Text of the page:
“We kind of fell in love with the smiles,” Big Rob says, speaking now for his teammates as well. “We fell in love with the love that we were getting, just being regular guys from all walks of life.”
They really do put a lot into their presentation, too. And not just sweat, either: The moves, the music, the midriff-baring uniforms — they all come from the minds of the ManiAACs, who have each learned to step out of their comfort zone all in the name of entertainment.
“My nature is to be shy,” says Willie “Thrill Will” Meshack Jr., a four-year member of the ManiAACs. “I am more reserved. But I think the way that I deal with that is to make people laugh. And if I can get you laughing… oh!”
Just as its members have transformed over time, so too has the team itself. Over the years, the ManiAACs have very much evolved into more than just Maverick fans’ performers: Last year alone, the men ranked up nearly 100 performances outside of the AAC. In previous years, they appeared on The Tonight Show with Jay Leno and The Best Damn Sports Show. In 2010, however, the group caught a really big break, auditioning for a little talent show called America’s Got Talent and making it through the first two rounds of the nationally televised competition.
“I was so blown away to even get through the Dallas rounds,” says Big Rob. “I was so excited for America to see so many guys from different walks of life come together — guys that you wouldn’t normally see in the entertainment world.”
They didn’t appear as the Mavs ManiAACs on American’s Got Talent, though. At the request of the show’s legal team, which wanted to avoid trademark infringements with the NBA, the group was asked to change their name to the more simplified “Da Maniacs.” In return, they were able to perform for over three million viewers and were flown to both Las Vegas and Hollywood to do so. Though they were eventually sent home during the third week of competition, the team was pleased with their efforts.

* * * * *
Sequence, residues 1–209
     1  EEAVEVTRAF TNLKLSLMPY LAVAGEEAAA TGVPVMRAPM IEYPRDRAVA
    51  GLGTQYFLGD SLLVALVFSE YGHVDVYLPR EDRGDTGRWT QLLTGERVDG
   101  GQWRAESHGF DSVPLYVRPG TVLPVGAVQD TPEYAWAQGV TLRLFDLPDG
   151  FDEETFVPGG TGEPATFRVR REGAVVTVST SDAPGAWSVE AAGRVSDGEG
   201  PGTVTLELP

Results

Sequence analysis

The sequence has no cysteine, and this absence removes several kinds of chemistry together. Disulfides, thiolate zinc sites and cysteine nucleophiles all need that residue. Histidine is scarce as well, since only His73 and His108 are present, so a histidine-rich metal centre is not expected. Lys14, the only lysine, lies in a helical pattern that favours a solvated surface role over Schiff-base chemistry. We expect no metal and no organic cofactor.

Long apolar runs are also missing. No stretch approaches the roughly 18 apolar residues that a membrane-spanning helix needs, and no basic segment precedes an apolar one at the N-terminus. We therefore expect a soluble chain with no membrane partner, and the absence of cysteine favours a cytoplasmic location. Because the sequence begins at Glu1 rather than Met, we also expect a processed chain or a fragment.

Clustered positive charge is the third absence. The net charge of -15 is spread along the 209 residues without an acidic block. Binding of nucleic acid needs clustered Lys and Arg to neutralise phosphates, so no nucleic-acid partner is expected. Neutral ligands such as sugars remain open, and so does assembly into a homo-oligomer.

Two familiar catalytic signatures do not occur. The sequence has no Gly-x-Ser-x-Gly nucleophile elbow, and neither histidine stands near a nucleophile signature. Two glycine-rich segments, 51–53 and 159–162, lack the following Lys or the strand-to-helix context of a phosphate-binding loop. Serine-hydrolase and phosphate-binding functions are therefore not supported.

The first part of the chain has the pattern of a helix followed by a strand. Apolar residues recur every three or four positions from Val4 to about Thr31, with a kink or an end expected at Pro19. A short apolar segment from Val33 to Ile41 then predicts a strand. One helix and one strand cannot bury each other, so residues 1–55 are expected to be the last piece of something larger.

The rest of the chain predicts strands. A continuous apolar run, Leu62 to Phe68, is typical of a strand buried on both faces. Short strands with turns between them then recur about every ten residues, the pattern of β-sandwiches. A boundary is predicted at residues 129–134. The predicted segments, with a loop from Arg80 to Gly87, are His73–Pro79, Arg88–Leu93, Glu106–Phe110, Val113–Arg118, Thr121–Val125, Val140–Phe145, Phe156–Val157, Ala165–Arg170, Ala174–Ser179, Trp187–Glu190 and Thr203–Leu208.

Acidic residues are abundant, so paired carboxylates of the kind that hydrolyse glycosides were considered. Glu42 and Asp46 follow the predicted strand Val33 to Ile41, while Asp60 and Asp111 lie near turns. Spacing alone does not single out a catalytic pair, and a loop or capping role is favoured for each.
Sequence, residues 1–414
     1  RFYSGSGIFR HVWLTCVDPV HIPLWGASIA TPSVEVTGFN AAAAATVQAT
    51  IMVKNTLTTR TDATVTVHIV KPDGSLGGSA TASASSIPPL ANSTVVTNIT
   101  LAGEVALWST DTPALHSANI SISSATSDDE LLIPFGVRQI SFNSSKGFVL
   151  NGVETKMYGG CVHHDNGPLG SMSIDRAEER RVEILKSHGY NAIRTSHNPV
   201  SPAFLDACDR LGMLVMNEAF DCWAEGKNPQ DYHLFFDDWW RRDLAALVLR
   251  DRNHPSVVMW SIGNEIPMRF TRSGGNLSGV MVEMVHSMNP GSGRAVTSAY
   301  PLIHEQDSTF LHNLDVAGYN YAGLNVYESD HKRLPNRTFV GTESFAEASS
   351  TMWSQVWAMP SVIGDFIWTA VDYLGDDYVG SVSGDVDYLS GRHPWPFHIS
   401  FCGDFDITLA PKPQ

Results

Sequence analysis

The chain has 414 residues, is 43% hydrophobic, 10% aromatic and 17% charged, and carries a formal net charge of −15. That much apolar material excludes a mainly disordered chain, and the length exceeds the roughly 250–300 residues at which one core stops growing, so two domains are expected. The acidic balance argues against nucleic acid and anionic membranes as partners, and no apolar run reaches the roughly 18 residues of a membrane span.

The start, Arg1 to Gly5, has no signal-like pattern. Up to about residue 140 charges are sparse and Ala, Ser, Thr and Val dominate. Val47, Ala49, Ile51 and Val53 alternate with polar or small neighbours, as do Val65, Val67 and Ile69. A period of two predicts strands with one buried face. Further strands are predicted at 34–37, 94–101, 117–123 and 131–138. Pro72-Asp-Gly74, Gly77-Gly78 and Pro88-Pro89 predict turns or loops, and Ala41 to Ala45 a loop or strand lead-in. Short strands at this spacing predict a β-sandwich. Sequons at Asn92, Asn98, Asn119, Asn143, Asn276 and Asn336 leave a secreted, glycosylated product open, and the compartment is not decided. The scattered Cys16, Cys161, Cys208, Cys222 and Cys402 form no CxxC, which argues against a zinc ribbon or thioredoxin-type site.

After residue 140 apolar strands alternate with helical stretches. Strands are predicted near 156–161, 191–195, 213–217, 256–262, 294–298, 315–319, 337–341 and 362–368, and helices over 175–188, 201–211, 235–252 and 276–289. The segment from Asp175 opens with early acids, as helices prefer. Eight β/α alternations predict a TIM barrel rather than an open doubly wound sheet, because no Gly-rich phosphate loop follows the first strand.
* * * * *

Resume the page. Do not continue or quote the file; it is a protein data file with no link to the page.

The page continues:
Well, mostly. During the ManiAAC’s final America’s Got Talent performance, Eric “Rhino” Coronacion, an Internet marketing consultant and a member of the ManiAACs for the past four years, accidentally and prematurely dropped his pants while dancing.
“All of a sudden, I’m dancing and I see Sharon Osborn [drop her jaw and laugh], and I’m like ‘What’s she laughing at?'” Rhino remembers. “And I look down and my pants were on the ground. I knew then [what had happened] — this is horrible and this just happened on TV!”
Much like his nickname, Rhino is short in stature yet big in heart. He first heard of the ManiAACs while he was still in college, but said he began dreaming of becoming a member and enjoying all the perks that came with the position as soon as he found out about the team. When he eventually made the team, though, reality set it.
“People don’t realize all the hard work we put into learning these dances and creating the music,” he says. “It is definitely time-consuming.”
But, clearly, the chance for these men to let their freak flags fly so high and in public trumps that time concern.
“I don’t get to be dumb in front of so many people at the same time so often,” says Drew “Whomp Whomp” Lyons, a first-year team member, while constantly adjusting his glasses and sideways Mavs cap. It’s not just about being crazy, though. Lyons says he’s constantly impressed by his teammates, and not just on the dancefloor. “(We) have a lot of personalities that are just crazy. But a lot of us know we are the coolest people.”
Mavericks fans seem to agree. In fact, the ManiAACs have become such a crowd favorite, they even have their own website where fans can post their favorites ManiAACs memories and even chat about upcoming events.
Back at Elevation Fitness, just before their practice comes to an end, the team discusses their jam-packed schedule over the next couple of weeks. Parades, corporate events, private functions, graduations, high school assemblies, bar mitzvahs and private charity functions are all par for the ManiAACs’ course.
Says Big Rob: “If you want us, we’ll find a way to get there.”